Well, I’m fresh off a Black Rock Shooter marathon. So let’s talk about it. Is that cool with you? Okay, sweet.
So there’s this anime called Black Rock Shooter. Hey, hey — don’t leave yet. I know the title is silly, but don’t write it off just ’cause of that. In fact, from this point on, let’s refer to the series by my unofficial title. I think it’s much more fitting. We shall call it Mood Whiplash: The Anime.
I think that about sums it up. Really — I’m still not sure what the heck I just watched.
Black R— I mean Mood Whiplash: The Anime is half middle school drama and half off-the-wall sci-fi/fantasy madness. The story is literally split between two worlds — Kuroi Mato’s ordinary, modern Japan; and Black Rock Shooter’s wasteland of eternal suffering. Yeah, it’s weird. On top of weird, characters are the exact opposite of predictable, it gets darker than you might be ready for, and it goes places you don’t really think it’s going to go.
And it’s weird. Did I mention that?
Surprisingly, it also has things to say — not particularly deep things, but certainly deeper than I was expecting. In a lot of ways, actually, I was reminded of FLCL and Serial Experiments Lain, two of my favorite anime series. All the surface weirdness is there, and the impenetrable plot too. Except, while the convoluted, must-watch-several-times-to-even-begin-to-grasp-the-what’s-going-on nature of FLCL and Lain serve them really well, I don’t see it working in Black Rock Sh–mood Whiplash‘s favor.
See, FLCL is all about the confusion and weirdness of adolescence, and the completely incomprehensible soup of emotions that goes along with it. Serial Experiments Lain is about technology and the internet and identity and family and love and so many things I don’t even know. At its heart,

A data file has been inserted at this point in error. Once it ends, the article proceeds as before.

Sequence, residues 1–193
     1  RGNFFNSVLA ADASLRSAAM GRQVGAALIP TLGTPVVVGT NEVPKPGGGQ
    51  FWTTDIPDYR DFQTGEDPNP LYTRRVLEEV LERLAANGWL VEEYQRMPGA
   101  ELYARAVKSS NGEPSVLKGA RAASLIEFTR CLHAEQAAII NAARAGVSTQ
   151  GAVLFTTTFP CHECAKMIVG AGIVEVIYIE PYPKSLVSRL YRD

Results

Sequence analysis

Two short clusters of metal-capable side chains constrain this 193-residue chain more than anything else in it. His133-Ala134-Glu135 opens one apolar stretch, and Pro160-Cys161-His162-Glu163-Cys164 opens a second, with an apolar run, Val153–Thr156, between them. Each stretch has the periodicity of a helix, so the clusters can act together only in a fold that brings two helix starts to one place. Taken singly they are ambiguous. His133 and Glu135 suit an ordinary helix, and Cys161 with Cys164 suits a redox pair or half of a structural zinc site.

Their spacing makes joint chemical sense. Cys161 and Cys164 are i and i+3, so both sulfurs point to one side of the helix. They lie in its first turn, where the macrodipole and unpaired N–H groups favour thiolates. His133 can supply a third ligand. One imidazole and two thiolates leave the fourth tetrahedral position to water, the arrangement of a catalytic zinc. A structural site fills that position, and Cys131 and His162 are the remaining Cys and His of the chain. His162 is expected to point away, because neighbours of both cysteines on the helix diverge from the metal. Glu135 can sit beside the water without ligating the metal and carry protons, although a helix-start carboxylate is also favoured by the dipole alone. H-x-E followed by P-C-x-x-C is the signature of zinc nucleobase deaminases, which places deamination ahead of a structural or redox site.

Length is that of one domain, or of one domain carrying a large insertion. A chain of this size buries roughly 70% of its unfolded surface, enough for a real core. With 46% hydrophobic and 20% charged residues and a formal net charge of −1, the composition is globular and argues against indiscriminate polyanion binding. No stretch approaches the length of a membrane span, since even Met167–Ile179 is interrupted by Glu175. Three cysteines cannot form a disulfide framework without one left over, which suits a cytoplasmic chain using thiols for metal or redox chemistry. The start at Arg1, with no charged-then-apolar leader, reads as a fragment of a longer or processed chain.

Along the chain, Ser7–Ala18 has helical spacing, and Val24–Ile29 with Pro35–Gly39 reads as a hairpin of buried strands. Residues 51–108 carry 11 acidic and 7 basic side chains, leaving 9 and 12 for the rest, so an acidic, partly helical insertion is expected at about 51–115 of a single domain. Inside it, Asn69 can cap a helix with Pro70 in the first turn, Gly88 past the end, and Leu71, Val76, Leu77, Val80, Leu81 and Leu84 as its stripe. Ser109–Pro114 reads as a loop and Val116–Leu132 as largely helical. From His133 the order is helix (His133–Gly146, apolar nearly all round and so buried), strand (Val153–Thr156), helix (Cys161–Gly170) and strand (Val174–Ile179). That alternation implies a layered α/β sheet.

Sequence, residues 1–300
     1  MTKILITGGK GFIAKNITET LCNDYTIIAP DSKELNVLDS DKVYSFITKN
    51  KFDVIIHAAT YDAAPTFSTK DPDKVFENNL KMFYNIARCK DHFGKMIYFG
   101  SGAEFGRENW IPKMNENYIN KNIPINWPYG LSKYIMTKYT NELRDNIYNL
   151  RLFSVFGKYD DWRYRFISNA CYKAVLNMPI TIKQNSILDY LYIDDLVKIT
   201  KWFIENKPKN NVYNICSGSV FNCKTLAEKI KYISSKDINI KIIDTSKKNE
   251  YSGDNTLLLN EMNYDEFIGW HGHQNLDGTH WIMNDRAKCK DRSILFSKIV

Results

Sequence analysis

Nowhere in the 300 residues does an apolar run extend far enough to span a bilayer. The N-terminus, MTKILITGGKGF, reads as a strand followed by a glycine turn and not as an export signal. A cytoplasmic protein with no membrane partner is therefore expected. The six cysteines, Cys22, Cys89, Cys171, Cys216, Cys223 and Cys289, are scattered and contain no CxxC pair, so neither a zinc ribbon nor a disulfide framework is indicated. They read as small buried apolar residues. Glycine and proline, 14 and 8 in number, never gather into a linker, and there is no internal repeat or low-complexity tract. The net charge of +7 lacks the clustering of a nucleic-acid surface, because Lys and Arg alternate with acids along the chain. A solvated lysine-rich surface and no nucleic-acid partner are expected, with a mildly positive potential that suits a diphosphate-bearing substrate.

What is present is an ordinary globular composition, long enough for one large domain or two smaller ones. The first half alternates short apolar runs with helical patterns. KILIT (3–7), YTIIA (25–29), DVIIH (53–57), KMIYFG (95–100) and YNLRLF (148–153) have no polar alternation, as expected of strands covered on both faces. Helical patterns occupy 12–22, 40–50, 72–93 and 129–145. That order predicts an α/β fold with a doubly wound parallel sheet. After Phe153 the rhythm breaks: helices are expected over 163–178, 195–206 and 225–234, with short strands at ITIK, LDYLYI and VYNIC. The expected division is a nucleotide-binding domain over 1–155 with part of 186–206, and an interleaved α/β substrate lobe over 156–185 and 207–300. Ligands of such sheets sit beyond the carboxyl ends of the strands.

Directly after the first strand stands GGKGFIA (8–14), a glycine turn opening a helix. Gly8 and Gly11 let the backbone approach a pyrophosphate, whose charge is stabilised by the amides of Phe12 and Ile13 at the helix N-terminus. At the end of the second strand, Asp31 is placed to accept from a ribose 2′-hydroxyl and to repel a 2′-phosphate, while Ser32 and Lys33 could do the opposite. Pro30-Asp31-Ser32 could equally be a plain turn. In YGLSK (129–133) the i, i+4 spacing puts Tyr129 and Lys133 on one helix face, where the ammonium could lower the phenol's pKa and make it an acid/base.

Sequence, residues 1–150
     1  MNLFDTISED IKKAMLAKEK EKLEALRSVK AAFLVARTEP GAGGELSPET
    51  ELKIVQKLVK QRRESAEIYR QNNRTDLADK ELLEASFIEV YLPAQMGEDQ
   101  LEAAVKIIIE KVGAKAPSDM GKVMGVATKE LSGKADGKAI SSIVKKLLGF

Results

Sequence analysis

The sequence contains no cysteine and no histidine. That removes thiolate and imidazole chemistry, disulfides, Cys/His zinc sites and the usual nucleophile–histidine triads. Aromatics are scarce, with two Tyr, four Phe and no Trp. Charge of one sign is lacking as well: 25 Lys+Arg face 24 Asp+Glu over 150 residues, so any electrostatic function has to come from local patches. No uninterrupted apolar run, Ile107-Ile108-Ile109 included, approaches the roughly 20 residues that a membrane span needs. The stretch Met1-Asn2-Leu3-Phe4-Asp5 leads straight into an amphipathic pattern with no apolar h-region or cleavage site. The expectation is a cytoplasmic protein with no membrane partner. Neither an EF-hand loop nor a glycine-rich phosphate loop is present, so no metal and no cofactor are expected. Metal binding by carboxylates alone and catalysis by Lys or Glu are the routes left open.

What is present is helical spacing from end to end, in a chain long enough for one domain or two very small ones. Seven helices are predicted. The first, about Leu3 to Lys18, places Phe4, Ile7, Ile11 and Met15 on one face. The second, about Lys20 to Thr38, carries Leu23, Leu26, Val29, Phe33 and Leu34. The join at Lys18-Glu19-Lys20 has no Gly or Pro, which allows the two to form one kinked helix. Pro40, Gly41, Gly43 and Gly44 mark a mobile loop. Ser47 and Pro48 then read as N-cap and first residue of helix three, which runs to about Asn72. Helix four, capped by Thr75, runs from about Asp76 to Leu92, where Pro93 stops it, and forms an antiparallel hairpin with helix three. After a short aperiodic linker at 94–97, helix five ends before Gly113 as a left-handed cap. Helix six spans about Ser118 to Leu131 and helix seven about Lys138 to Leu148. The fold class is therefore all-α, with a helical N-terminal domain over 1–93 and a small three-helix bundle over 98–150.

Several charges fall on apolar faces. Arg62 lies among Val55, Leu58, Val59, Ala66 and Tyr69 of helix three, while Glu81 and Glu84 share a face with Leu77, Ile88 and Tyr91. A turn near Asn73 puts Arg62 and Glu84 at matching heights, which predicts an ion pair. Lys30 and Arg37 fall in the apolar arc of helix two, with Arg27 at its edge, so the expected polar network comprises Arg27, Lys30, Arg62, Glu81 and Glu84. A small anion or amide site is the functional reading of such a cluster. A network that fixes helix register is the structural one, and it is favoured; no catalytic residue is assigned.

Black Rock Shooter Mood Whiplash is really about how we cope with pain, and the message it arrives at about pain at the end is really kind of important and touching — but also really simple. It doesn’t require the elaborate dressing and the extra layers of complication and symbolism. It feels obtuse for the sake of being obtuse.
So what does it actually have to say? (If you’re paranoid about spoilers like I am, skip this paragraph, because I would definitely consider this a spoiler even if it’s kind of obvious.) What it said to me — and I’m still trying to glue some of the smaller pieces together here, but I think I’ve got the gist of it — is that pain is something we have to face ourselves. Black Rock Shooter’s world is the battlefield of the mind, a place where the scarred, emotionless warrior side of us fights our pain eternally, without rest. And the conclusion it eventually arrives at is that we can’t let our doubles in that world shoulder all our pain for us. Sometimes we have to let it at our soft, vulnerable side, because we can’t be open to love unless we’re also ready to be hurt.
I think that’s what it was trying to say. In any case, that’s what got through to me — and I appreciate the sentiment. I’m a little discouraged that most people seem to want more of the scantily clad girl fighting robots and zombies and robot zombies with an arm cannon the size of my house… and less of the real human beings being human beings. That’s where this thing really got me: there are some shockingly raw and genuine moments of friendship, jealousy, loneliness. The (totally awesome) fight scenes are a metaphor for how dire and earth-shattering these emotions are for teenagers. But if you’re coming for the fights, you’ll be disappointed. They’re not the main attraction.
But I’ll definitely watch Black Rock Shooter again. Mood Whiplash, rather. Like the title suggests, it’s hard to know how I feel about it. I feel like there are a lot of missed opportunities, and that a simpler, more focused story would have served it better. But I may change my mind. After all, FLCL has grown to be one of my favorite things in the world ever, and I wasn’t in love with that the first time either.